I have had about 8 sessions, and I have noticed the muscle strength has returned almost entirely, however my balance is not quite right and I can fall over if not careful. I have to be mindful of my balance and take over, for now, this short-term conscious mind over body matter. (Normally, the unconscious, autonomous nervous system co-ordinates a healthy body without the need for conscious thinking).

The reason why I promote John Mackie are several:  He offers concessions; out of wholesome karma-choice I promote him spontaneously.. He is not a big commercial company; he is a holistic practitioner who is struggling to make money in the recession, as everyone is cutting back spends. He is a good listener/ diagnoser, and is clear in answering questions honestly, is open to feedback, attends Mind’s Peer Support Meditations with Steve Hart, e.g. Tuesdays from 5pm to 7pm, see other articles on Inkwell in this blog. Please see http://www.leedsmind.org.uk

John Mackie is a thriver not mere grim survivor. He is a good man indeed.

Milan Buddha Ghosh

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In Green

  A couple of months ago (had no internet for a few weeks due to a technical glitch) I did a very enjoyable workshop at Clarence House called Feeling Good  With colour.  It was about using colour  to improve our mood.  We did a visualisation  where we imagined sitting under a giant flower and golden sunshine pouring on to us,  discussed a poem about colour in nature, colour associations, discussed colour therapy, colour harmony, and how colours are used in different cultures.  We also went into the garden and each wrote a poem about what were experiencing.  This is the poem.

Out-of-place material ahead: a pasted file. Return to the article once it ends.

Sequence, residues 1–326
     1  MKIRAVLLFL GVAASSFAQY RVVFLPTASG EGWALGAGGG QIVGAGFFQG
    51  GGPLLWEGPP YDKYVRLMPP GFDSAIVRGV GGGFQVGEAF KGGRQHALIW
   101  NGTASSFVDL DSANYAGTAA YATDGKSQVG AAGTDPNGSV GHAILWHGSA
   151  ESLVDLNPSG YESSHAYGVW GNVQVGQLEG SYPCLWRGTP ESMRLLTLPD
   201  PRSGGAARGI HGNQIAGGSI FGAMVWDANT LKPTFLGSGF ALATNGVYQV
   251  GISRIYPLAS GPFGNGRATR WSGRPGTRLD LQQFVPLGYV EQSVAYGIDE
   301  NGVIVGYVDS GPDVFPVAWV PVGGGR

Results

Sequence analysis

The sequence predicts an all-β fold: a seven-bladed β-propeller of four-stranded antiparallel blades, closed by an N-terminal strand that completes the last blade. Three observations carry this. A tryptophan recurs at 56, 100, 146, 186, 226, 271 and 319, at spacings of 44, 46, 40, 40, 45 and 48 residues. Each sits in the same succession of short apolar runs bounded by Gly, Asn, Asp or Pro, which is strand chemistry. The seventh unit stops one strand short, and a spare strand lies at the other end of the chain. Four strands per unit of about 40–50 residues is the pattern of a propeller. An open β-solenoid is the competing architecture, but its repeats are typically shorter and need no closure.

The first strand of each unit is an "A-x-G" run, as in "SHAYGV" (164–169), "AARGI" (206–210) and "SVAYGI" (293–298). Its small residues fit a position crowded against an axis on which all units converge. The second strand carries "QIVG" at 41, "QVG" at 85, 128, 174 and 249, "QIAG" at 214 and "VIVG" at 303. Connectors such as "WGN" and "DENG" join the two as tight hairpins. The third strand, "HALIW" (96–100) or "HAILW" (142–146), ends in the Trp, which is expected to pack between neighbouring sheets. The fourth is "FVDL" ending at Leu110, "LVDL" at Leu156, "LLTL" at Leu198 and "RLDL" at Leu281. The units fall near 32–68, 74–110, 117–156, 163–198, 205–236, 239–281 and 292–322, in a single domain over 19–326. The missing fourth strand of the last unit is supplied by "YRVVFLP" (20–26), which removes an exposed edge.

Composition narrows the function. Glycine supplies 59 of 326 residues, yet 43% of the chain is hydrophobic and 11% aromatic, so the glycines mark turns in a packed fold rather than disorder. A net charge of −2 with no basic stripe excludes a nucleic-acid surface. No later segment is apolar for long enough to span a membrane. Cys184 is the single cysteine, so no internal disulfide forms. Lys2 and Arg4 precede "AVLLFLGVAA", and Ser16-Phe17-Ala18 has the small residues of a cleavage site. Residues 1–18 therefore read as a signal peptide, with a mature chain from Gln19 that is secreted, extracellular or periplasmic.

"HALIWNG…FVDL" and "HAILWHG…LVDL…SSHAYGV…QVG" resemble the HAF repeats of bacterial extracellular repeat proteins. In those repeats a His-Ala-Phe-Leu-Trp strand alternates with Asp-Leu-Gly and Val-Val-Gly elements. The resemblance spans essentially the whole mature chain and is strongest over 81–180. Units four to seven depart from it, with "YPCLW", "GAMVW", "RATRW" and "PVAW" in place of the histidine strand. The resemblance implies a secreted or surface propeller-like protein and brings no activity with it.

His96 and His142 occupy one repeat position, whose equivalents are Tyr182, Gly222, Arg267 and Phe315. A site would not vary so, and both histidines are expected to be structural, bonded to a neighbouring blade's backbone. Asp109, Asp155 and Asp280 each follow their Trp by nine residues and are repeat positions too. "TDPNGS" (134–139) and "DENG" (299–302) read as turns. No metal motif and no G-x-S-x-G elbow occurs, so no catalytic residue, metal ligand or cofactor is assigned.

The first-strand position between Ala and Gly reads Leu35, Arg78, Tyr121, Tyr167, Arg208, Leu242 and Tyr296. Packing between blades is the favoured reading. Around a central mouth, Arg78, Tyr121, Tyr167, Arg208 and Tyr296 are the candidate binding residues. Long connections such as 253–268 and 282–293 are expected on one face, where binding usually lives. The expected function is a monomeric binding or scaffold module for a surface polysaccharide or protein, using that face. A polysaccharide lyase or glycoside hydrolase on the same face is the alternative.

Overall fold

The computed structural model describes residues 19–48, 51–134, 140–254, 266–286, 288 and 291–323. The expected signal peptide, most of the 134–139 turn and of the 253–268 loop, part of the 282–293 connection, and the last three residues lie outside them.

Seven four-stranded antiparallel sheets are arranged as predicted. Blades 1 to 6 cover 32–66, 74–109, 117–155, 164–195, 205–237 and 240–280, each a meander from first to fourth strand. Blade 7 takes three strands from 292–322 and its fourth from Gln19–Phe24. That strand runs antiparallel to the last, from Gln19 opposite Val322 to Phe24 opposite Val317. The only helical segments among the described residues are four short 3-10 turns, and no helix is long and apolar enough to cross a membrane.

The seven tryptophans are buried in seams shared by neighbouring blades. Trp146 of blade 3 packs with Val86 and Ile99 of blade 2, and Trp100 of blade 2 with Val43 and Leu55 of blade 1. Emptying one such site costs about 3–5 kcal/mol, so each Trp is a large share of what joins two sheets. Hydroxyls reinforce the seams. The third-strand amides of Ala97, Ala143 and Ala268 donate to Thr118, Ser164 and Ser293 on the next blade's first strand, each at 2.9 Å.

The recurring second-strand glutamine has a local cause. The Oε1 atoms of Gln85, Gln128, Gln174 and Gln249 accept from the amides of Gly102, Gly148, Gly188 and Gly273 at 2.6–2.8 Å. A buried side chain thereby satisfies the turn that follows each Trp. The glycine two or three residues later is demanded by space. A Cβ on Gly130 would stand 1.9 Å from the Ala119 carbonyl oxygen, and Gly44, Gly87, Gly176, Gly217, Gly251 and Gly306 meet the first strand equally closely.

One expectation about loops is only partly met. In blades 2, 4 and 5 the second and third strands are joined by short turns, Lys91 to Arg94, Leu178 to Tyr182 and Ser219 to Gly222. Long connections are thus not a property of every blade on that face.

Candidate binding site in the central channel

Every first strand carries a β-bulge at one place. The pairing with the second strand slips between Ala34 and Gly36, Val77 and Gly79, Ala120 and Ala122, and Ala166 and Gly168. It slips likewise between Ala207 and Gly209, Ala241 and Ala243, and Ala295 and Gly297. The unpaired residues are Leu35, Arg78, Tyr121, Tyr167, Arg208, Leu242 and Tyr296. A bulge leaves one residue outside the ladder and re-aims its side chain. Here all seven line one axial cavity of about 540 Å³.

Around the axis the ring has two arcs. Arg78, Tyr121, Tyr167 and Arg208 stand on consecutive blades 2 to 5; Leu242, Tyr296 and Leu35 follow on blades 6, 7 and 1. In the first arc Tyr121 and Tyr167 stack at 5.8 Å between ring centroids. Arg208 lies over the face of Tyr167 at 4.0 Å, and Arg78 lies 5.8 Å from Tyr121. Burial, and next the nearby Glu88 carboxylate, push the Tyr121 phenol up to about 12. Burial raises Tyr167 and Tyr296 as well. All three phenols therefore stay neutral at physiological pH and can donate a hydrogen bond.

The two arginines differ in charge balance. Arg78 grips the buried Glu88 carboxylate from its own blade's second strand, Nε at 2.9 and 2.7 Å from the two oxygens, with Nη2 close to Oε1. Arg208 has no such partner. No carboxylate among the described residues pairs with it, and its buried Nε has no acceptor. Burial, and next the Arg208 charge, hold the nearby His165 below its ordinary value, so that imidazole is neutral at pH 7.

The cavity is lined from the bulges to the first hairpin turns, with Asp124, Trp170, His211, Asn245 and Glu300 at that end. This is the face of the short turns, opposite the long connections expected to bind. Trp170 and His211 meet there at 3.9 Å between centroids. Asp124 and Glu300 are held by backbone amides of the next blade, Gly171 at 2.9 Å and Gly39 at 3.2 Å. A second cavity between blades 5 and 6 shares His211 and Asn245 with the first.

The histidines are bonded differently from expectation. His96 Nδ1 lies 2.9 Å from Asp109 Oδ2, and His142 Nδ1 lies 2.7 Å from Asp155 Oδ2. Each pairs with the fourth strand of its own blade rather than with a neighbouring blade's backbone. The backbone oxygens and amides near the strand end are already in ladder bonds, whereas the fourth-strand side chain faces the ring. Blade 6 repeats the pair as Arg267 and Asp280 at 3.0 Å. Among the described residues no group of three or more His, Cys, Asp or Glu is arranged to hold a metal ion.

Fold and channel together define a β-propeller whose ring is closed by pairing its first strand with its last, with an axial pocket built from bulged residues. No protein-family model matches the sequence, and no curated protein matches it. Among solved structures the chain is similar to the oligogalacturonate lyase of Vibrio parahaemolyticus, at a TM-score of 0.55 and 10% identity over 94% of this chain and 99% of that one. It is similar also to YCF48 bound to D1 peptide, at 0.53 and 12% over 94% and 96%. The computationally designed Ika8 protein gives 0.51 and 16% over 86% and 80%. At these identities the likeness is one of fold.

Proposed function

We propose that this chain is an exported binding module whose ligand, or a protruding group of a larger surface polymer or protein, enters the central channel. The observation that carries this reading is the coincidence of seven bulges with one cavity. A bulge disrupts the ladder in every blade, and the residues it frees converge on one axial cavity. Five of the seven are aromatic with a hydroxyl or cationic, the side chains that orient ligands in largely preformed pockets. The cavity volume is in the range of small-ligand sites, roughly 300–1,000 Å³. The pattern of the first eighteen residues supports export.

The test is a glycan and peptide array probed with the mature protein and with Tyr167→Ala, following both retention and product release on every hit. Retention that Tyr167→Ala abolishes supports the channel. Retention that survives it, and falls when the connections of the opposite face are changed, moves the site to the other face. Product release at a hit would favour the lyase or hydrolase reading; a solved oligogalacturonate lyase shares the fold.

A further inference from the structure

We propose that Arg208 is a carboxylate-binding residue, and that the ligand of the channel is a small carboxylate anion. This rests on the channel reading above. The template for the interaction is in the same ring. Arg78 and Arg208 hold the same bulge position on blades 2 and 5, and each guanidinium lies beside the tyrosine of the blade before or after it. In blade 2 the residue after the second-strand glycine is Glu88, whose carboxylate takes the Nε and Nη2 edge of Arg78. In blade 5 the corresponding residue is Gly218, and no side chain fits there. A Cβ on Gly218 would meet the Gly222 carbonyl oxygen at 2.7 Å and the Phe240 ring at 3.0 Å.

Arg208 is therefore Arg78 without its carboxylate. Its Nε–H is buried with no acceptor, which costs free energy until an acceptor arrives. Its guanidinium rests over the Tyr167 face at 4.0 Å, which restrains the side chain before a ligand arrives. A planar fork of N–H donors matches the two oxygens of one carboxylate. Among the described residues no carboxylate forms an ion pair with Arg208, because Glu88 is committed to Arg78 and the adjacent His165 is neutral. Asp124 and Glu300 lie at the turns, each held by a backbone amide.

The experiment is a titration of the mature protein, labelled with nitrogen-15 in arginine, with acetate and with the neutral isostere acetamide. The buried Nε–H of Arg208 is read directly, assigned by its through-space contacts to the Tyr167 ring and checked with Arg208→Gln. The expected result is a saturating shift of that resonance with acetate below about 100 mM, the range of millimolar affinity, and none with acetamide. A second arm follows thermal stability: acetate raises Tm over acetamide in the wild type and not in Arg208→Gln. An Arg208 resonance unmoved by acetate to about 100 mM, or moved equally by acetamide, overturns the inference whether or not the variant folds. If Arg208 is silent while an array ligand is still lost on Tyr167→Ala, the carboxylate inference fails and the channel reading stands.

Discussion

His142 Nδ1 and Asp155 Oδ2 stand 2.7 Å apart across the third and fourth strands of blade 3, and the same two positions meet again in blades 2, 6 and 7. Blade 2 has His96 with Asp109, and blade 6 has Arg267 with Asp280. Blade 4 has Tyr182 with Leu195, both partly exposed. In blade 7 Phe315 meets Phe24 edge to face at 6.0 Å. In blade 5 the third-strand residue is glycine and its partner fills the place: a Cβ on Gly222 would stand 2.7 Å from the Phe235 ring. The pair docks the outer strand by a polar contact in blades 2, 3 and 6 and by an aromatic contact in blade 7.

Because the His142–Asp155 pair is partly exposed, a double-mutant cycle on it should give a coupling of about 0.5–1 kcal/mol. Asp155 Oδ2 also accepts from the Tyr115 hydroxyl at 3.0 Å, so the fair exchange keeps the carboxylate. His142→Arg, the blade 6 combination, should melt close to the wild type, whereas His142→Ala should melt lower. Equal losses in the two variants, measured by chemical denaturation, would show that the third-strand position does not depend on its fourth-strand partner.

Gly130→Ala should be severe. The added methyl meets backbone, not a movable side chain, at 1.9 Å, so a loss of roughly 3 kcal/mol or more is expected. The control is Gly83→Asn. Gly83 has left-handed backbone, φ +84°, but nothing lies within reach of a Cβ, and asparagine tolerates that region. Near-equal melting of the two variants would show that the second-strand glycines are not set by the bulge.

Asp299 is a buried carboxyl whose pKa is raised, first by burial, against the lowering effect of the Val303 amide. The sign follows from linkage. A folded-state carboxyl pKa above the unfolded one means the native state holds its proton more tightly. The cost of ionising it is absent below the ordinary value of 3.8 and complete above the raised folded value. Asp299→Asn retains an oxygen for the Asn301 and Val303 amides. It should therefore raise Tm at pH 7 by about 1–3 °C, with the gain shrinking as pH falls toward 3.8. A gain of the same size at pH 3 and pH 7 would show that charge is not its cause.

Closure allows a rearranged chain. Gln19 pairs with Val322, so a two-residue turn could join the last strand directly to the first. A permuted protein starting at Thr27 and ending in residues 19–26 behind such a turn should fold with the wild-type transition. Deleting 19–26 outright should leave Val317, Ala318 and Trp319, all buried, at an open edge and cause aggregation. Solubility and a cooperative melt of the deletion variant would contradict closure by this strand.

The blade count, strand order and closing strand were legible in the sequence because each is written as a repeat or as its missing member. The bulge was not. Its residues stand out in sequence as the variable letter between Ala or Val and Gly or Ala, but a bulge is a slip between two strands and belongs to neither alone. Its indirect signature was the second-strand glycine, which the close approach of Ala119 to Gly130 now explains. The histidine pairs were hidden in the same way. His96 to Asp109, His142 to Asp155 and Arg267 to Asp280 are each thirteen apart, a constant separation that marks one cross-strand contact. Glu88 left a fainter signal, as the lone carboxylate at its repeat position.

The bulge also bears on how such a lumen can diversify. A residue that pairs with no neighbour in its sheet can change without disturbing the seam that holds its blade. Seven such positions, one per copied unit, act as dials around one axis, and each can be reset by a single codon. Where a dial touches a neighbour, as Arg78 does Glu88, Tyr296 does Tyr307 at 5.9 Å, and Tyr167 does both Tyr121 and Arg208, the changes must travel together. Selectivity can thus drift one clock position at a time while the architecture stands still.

IN GREEN

Stillness

In green

Vegetation.

Indigo flowers

Sat in middle.

Circle of bird conversation.

Trees smooth out                                                                       treespirit-greenwood-tree-primavera-500

Blunt sunshine

Cool breeze

Pats the back

Of golden heat

Calms the whirling

Brain chatter.

Buttercup open

Like greeting hand.

(image from otherwisetrading.co.uk)

Volunteers and Lay Workers needed to help overcome public health challenges. Professor Jane South.